Walkers, cyclists mark true meaning of Memorial Day

Kent County

BYRON TOWNSHIP, Mich. (WOOD) — The gray sky and an occasional pelting from a cold rain didn’t slow down Travis Swaim and Brandon Asberry as they biked their way up Byron Center Avenue on their way to Grandville Wednesday afternoon.

They were on a mission.

“It can be miserable at times out here. You’re not always having the best time. But you kind of step back and remember why you’re out here,” Swaim said.

“It always comes back to why you’re here. You never forget why you’re here,” Asberry added.

That “why” is to honor the sacrifices made by military members and first responders.

“I can’t describe enough the sense of pride it gives you to be able to put yourself, your life on hold, to be here for a greater cause,” Asberry, a firefighter from Dallas, said.

He and Swaim, a teacher from Arizona, are part of Carry the Load. Founded by two U.S. Navy Seals in 2011, Carry the Load’s mission is to remind the public of the true meaning of Memorial Day.

“Memorial Day is not just a day for barbecues and being off work. There’s greater meaning behind that,” Asberry said.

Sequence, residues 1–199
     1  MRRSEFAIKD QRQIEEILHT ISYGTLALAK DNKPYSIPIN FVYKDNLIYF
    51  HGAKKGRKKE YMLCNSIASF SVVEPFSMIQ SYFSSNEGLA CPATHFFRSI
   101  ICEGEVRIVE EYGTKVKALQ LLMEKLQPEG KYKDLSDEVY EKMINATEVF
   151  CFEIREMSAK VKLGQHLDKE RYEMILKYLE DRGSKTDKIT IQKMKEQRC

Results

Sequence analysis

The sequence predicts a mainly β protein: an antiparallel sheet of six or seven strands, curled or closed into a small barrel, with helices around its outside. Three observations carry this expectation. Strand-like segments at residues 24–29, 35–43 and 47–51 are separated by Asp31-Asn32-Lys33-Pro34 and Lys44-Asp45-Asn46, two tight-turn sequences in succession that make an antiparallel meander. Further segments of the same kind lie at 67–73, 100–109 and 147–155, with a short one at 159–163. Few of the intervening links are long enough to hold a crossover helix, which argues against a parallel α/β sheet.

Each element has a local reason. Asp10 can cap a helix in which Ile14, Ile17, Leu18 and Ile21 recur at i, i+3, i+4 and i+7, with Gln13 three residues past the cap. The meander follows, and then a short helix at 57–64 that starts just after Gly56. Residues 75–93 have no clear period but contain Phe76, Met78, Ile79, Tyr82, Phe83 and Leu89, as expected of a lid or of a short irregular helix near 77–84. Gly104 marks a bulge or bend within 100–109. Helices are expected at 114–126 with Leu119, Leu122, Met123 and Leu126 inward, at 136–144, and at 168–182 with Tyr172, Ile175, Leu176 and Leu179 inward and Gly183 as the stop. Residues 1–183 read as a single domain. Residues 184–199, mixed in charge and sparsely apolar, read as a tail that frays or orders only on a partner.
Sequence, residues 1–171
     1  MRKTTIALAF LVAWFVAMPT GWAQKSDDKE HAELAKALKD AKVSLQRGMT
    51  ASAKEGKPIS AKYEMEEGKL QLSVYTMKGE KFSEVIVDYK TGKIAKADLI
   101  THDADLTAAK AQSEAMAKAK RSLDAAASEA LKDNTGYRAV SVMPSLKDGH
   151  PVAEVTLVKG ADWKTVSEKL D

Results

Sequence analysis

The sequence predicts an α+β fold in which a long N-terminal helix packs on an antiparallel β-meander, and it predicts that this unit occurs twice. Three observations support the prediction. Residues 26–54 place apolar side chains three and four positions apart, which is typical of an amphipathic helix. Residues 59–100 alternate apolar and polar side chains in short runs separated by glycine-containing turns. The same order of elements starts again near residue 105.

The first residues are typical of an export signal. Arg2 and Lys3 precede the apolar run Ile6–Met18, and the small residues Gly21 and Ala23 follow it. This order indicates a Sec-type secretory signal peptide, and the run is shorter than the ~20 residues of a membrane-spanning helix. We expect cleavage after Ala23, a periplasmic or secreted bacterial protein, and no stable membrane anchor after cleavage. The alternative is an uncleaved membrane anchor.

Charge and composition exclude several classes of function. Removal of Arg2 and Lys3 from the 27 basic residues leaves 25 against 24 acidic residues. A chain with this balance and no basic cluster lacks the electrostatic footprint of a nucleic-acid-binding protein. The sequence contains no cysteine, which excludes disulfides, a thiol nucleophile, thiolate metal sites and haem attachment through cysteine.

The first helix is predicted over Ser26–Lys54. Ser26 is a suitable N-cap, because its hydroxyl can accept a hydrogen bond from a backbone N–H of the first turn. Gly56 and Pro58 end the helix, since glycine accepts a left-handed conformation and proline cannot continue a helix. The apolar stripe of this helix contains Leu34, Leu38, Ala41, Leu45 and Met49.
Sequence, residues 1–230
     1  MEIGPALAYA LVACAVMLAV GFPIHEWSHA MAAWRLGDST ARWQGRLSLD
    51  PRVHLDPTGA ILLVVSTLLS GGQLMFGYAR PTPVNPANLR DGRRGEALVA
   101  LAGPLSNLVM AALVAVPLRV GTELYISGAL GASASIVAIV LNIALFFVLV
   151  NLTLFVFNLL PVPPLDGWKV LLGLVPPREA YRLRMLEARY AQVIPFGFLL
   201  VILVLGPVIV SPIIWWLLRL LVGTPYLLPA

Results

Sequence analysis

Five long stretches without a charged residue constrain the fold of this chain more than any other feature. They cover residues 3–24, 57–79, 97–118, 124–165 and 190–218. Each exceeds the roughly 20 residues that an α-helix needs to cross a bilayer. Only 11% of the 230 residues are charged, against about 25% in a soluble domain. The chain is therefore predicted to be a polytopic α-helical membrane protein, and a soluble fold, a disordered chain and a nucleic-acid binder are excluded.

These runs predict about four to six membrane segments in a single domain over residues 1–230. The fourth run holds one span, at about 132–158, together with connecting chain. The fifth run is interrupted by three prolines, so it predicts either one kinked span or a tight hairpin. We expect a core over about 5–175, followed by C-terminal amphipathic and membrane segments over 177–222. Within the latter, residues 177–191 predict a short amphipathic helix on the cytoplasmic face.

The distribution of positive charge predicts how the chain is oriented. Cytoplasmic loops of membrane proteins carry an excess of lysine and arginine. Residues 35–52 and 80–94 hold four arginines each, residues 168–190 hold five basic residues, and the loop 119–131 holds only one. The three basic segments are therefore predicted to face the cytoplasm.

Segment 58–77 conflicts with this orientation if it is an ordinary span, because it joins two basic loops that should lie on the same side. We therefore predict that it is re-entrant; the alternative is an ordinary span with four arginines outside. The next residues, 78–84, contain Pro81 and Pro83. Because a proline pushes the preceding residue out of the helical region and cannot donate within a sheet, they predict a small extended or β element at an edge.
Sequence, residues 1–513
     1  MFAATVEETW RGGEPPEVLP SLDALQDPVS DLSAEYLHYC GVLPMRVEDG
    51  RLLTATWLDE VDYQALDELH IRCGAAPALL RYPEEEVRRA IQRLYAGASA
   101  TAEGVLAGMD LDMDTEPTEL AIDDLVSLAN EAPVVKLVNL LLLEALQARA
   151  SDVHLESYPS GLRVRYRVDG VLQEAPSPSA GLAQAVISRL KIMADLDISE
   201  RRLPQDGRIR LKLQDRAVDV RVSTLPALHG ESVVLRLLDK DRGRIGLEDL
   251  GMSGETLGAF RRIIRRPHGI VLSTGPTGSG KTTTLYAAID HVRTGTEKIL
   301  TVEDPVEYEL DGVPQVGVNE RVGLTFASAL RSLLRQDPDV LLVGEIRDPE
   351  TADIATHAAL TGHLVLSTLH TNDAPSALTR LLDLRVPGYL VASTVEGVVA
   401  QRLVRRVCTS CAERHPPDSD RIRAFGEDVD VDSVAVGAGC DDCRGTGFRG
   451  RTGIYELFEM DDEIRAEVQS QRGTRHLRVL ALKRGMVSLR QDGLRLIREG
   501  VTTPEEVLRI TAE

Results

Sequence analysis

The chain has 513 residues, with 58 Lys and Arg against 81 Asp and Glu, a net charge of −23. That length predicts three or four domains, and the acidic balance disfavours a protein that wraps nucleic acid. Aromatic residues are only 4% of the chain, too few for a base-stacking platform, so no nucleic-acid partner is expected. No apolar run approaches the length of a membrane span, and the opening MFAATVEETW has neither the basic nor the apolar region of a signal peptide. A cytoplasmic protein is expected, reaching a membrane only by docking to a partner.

Carry The Load started out as a 20 hour, 11 minute Memorial March in Dallas. In 2012, it expanded to include an East Coast relay. This year, they added a Midwest leg. Volunteers take to the streets on bike and by foot with their message. Leg captains walk in 5 mile increments carrying the American flag to bring awareness to the sacrifices of our nation’s heroes.

National cemeteries are among the local stops.

“Meeting Gold Star families, talking to them, seeing how fresh — no matter how long ago — how fresh the deaths of their loved one is still on their minds. It changes the purpose,” Asberry said.

The Midwest route, which made its way through West Michigan Wednesday, began in Minneapolis and will end in Dallas, where participants will meet up with East Coast routes, on Memorial Day. When all is said and done, Midwest volunteers will have covered 3,900 miles in 32 days.

Some days are easier than others for the volunteers but every day ends the same: as a humbling experience.

“Really just to honor the sacrifices of the men and woman that, on a daily basis, let me live the life I wanted to live,” Swaim said.

Tuesday’s portion of the relay began in Portage, made its way north through Kalamazoo and then on to Kent County with stops in Grandville and Walker.

The group was scheduled to arrive at the Grand Rapids Fire Department’s Bridge Street Fire house at 6 p.m. From there, they would head east on a route that takes them past the D&W store at Breton Road and Burton Street in East Grand Rapids at 9 p.m. They will then continue to Cascade Township and were set to arrive at the fire station on Thornhills Avenue south of 28th Street at 11 p.m.

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